<% unless FeatureFlag.disable_quantcast? %> <% end %>
Skip to Content

Patriots Rally at Grover's Place — Congress Should Pledge Allegiance to our Nation, Not to One Man

by Will Rice, Coffee Party Commonwealth

You usually can’t reverse a bad decision by simply doing nothing, but that’s exactly the opportunity we have at the end of this year.

That’s when the tax cuts for wealthy Americans passed in the early years of the Bush administration are set to expire. We should allow nature to take its course.

In 2001 and 2003, President Bush and the Republican-controlled Congress passed two big tax-cut bills. Though taxes were lowered across the board, the bulk of the benefits went to the wealthiest American households.

Among the breaks that principally served higher-end taxpayers were reductions in rates paid on passive income like dividends and capital gains. It’s those breaks that allow billionaire Warren Buffett to pay a lower tax rate than his secretary, and Mitt Romney — the $200 Million Man — to pay less than 15 percent federal tax on his income.

The world has changed since the early Bush years. But even then, it was understood what a devastating effect losing so much revenue would have on our national budget.

Stand up to Grover Norquist!

Tax Day, Tues. April 17, 2012, 12 noon
Grover Norquist’s Office
722 12th Street, NW
Washington, DC 
20005
More info:
Stopthepledge.org

So the cuts were made temporary: after 2010, rates were scheduled to return to their original levels. But as 2010 came to a close, congressional Republicans refused to extend middle-class tax cuts and unemployment benefits for the long-term jobless unless the high-end cuts were extended. President Obama negotiated a two-year deal; we reach that extended deadline at the end of this year.

When the first big tax cut for the wealthy was passed, in 2001, the federal government was awash in cash: we were running surpluses as far as the eye could see and steadily paying down our debt.

While the prudent thing would have been to divide those surpluses among middle-class tax cuts, smart public investments in roads and schools, and further debt reduction, instead they were spent entirely on tax cuts tilted toward the wealthy.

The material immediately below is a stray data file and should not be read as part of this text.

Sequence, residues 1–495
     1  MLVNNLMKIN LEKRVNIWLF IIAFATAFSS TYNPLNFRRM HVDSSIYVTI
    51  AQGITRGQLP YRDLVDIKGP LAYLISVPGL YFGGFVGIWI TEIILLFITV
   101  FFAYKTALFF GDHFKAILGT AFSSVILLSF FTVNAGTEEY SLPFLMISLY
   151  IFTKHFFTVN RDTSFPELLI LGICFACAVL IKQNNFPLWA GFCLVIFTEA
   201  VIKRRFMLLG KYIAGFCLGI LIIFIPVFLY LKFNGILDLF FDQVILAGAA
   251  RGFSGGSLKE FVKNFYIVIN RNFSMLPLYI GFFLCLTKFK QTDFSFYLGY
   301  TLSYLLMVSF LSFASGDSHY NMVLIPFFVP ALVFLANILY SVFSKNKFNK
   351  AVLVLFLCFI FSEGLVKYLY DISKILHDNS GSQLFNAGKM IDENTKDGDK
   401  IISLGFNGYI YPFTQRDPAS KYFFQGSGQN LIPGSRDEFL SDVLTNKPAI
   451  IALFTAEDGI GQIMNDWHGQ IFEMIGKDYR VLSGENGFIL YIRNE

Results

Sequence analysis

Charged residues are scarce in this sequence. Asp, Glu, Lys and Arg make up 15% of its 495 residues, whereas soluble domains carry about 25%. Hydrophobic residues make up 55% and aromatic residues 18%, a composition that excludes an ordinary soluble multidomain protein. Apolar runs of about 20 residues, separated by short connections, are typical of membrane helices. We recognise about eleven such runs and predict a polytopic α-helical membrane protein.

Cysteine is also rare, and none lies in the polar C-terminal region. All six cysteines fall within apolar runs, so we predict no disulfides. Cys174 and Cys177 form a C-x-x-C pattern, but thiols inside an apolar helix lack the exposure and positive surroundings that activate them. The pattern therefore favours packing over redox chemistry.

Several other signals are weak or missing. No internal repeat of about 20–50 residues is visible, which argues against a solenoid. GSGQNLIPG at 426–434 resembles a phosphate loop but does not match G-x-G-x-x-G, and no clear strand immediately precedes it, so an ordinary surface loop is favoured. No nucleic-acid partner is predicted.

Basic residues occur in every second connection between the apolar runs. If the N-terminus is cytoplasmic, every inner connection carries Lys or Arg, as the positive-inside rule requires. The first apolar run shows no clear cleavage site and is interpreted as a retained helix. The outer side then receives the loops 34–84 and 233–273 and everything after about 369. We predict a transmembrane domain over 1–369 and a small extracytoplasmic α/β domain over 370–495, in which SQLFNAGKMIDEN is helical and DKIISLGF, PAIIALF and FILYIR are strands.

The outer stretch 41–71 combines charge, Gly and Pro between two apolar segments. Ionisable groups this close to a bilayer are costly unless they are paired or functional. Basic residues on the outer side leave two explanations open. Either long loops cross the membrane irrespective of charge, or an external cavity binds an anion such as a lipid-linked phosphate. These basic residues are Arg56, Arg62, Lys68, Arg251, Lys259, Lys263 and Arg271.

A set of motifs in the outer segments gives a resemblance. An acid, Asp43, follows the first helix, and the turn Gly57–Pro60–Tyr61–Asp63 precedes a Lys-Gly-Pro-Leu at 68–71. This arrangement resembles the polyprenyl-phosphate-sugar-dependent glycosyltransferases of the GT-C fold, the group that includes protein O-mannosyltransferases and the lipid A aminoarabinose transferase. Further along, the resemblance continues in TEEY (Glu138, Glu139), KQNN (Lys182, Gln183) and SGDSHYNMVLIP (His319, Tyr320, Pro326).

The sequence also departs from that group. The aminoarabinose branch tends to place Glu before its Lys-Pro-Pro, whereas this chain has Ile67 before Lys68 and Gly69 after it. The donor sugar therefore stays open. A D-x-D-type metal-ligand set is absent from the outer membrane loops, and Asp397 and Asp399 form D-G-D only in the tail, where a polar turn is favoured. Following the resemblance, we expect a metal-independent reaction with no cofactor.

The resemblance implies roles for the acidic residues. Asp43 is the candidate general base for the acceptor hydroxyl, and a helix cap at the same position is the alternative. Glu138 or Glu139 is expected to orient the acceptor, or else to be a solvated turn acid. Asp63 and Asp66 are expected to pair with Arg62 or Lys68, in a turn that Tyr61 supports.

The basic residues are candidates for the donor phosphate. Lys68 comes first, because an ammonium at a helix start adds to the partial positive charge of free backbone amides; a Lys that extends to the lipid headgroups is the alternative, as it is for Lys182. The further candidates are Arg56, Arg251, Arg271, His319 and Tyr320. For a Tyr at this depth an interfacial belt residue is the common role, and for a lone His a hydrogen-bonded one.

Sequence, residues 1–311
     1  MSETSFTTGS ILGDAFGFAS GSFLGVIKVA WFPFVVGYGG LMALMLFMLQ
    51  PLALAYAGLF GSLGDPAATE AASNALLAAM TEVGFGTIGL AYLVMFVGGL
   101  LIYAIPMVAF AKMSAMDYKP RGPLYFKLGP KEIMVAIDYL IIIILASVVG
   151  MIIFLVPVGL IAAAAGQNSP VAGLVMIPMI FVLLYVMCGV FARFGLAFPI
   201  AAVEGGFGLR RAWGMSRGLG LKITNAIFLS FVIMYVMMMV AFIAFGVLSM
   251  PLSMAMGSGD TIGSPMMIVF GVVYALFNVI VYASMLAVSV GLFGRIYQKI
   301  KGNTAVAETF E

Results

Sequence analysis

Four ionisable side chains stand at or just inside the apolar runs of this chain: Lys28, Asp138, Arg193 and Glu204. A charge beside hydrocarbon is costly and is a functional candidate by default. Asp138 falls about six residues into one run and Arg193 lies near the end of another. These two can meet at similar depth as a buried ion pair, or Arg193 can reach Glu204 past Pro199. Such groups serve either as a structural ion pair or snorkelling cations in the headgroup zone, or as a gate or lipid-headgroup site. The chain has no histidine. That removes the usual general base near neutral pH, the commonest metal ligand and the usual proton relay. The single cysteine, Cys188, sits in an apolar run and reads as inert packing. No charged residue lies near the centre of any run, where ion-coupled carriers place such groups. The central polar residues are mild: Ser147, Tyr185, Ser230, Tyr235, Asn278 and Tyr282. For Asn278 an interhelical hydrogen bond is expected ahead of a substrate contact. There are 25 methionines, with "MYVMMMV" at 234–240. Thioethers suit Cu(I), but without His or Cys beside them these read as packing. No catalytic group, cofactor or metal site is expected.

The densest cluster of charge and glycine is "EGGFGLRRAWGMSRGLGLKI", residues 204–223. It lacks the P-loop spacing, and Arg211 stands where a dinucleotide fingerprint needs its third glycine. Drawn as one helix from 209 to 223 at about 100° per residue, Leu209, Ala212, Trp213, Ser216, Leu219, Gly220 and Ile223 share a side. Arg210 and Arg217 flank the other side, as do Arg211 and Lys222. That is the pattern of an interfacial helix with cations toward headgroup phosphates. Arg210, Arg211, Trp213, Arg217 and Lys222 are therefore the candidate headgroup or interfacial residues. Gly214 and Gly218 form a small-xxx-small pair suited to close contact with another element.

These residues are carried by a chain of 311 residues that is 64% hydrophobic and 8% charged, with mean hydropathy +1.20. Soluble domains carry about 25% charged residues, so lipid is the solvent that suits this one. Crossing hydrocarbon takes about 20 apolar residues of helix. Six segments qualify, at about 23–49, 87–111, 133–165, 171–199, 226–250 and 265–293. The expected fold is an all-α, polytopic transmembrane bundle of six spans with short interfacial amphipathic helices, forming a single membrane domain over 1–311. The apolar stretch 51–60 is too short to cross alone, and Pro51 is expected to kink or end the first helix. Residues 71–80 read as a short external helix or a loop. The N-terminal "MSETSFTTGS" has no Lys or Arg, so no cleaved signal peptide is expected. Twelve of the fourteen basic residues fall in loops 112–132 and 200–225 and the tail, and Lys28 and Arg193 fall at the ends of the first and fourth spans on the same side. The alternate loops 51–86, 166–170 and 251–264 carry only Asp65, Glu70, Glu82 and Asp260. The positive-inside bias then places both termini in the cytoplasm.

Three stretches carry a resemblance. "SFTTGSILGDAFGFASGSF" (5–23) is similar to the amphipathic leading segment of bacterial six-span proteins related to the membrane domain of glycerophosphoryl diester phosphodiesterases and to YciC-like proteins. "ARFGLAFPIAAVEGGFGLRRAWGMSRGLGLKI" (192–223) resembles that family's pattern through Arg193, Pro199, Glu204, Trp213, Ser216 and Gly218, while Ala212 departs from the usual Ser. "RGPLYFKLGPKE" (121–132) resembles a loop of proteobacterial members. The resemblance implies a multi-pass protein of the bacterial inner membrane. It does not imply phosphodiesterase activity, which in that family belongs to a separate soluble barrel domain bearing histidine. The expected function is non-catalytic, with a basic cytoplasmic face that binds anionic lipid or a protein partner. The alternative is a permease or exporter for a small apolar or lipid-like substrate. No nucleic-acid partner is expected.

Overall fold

And even though our fiscal situation was drastically different two years later — we were by then involved in two costly wars — still more breaks for the wealthiest taxpayers were passed.

It’s clear we couldn’t afford these cuts, but did they at least give us the economic expansion and job creation we were promised?

No. Growth in household income and employment were anemic in the years that followed the Bush cuts — even before the Great Recession hit in 2008. The economy did much better in the 1990s, a decade that began with increases in the taxes paid by the wealthy.

Turns out, the wealthy already have more than enough money: even as the broader economy struggles, sales of luxury goods are booming. And the companies wealthy people invest in are sitting on record amounts of cash.

What America needs is more targeted public investment to get our economy moving : in education, transportation, communications, research. We also need to get our fiscal house in order.

Extending the upper-income tax cuts impairs both those efforts. It’s estimated that extending the cuts for the wealthy will cost a trillion dollars over the next decade, ensuring either higher deficits or impoverished public investments.

Let’s by all means extend the tax cuts benefiting families making less than $250,000 a year — which covers 98 percent of American households. But for the sake of our economy, tax giveaways to those making more than that should expire on schedule.


Tues. 12 noon: Spend a Part of Tax Day with Grover Norquist and Corporate-Spy-Turned-Fairness-Crusader Will Rice

On the campaign trail and in the halls of Congress, the tax fairness debate is heating up this spring. 

The choices are stark: do we inconvenience billionaires with slightly higher rates, or end nursing home care for millions of seniors?  Do we maintain tax breaks for the wealthy passed in the peace, prosperity and surpluses of 2001, or do we allow more equitable rates to return, providing needed revenue for deficit reduction and public investment in economic growth?  Who should pay a higher tax rate: a Wall Street financier shuffling money, or an emergency room nurse saving lives?

Want in on the action? Then join the Coffee Party Commonwealth project and 20 other groups this Tax Day, April 17, at noon to celebrate the patriotic duty of contributing to our nation’s strength through the tax system—and protest those who rig that system in favor of the wealthy and powerful, and against average Americans.